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Religious Shareholders Stump for Union Super PACs

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Hoo boy … this campaign season is exhausting enough already without reporting the efforts of religious shareholder activist groups uniting to undo the U.S. Supreme Court’s Citizens United decision. But, to quote Michael Corleone in the third Godfather film: “Just when I thought I was out, they pull me back in!”

Joining the anti-Citizens United religious shareholders are public-sector unions, riding high after the eight-justice Supreme Court split evenly this week on Friedrichs v. California Teachers Association. The split decision ensures that public-sector unions may continue to collect compulsory union dues. Any honest guesses as to how this money will be spent must include political activity.

For its part, religious shareholder activists As You Sow continue to hold up their end of the bargain, openly working with unions to squelch opposition voices. Although AYS proxy resolutions on corporate political activity have fallen from a record high of 139 in 2014 to 98 resolutions thus far this season, readers may rest assured, as AYS warns in its 2016 ProxyPreview:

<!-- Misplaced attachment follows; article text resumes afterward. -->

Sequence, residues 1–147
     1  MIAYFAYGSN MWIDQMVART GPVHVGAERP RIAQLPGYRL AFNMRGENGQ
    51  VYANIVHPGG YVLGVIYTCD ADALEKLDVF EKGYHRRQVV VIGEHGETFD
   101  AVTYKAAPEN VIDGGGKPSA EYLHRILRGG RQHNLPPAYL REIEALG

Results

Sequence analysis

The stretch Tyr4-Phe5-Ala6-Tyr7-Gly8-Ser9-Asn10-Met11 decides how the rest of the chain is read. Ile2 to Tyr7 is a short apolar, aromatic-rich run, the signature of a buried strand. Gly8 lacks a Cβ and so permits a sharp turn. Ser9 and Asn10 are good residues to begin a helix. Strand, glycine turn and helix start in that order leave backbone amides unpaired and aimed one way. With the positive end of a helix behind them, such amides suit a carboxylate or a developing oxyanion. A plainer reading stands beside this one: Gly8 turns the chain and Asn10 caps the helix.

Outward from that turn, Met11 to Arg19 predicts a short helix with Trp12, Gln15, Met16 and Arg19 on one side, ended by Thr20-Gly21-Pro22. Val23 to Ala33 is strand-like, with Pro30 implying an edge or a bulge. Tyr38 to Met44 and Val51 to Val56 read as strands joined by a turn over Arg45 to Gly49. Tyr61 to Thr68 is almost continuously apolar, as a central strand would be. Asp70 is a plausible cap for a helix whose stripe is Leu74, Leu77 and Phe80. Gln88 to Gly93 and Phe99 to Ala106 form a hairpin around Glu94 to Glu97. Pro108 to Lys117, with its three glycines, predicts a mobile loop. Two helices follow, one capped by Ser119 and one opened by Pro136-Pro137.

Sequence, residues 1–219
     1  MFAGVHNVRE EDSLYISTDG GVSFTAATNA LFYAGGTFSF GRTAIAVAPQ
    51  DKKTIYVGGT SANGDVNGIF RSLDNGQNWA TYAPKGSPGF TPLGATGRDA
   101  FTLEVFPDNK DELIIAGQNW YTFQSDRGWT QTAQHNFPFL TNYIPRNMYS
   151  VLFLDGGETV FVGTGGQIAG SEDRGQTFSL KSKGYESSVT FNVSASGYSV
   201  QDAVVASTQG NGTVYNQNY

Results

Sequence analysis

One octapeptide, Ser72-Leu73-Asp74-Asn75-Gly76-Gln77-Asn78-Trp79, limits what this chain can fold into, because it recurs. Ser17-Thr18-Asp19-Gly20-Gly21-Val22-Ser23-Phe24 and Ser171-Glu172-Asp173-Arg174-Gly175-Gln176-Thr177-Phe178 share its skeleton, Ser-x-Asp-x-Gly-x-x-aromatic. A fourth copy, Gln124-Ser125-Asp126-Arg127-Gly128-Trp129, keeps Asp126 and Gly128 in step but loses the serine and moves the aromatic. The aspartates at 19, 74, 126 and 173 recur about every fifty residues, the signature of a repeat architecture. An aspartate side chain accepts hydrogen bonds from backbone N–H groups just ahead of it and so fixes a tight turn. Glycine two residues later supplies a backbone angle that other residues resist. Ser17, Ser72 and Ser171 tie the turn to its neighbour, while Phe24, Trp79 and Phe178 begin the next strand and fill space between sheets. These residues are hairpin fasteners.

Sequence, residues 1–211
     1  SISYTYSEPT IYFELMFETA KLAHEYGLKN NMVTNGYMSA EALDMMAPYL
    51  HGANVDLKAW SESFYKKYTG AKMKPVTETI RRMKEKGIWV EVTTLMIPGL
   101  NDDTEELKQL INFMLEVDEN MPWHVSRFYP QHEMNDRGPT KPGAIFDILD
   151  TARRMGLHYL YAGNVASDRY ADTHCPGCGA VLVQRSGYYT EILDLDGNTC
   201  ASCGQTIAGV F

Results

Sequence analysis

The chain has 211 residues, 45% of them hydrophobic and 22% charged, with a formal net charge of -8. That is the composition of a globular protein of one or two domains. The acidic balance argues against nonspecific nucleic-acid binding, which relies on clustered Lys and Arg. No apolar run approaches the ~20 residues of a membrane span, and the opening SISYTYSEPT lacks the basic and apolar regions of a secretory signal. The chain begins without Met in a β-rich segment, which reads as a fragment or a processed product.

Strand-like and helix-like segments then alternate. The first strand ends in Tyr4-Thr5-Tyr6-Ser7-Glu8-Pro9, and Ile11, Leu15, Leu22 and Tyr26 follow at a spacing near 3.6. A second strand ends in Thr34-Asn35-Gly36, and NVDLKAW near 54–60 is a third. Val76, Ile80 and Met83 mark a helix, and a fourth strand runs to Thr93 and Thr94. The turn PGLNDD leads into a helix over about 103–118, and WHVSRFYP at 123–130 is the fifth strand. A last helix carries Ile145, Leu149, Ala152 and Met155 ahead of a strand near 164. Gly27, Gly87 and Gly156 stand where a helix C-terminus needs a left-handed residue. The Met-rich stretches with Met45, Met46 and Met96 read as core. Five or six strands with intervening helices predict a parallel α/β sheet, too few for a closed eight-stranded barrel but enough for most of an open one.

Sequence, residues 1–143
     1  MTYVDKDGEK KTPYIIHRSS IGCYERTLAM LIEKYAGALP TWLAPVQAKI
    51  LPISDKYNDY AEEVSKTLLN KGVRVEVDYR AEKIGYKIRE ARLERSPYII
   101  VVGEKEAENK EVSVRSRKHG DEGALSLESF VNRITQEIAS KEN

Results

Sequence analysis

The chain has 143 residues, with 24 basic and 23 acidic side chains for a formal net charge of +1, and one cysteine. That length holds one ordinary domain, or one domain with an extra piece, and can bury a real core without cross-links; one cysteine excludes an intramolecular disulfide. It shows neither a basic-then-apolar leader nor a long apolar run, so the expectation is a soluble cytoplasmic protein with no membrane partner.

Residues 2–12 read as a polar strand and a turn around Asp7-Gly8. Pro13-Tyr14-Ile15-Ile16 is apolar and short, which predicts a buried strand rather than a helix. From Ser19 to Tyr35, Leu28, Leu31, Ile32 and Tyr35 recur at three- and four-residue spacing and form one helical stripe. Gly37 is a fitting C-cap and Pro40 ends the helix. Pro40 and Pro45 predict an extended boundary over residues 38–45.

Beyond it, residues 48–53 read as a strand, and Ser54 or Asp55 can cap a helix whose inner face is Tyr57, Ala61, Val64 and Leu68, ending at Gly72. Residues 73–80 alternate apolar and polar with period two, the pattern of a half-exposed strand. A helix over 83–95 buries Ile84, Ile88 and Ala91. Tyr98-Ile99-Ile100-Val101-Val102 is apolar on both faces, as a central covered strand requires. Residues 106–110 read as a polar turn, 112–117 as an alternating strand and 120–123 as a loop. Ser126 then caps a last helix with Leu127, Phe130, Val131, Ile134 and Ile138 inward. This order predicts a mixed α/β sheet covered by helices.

More will likely emerge as the year progresses, from the broad coalition of investors and allied public interest groups that wants [sic] companies to disclose more on how they spend on elections and lobbying, with oversight from boards of directors.…

Investor concern about corporate political activity predates the landmark 2010 Citizens United U.S. Supreme Court decision that opened up new avenues for corporate spending; the campaign was started more than a decade ago by the Center for Political Accountability (CPA), which developed the model shareholder proposal still in use for disclosure of election spending. Members of the umbrella Corporate Reform Coalition, which includes many shareholder proponents but a range of other reformers as well, will be active in the upcoming proxy season. The coalition continues to press for mandated election spending disclosure by way of a proposed SEC [Securities and Exchange Commission] mandate but to date has been stymied; this year it is seeking to influence votes at mutual fund companies on the subject and has targeted Vanguard, which in the past has voted often with management.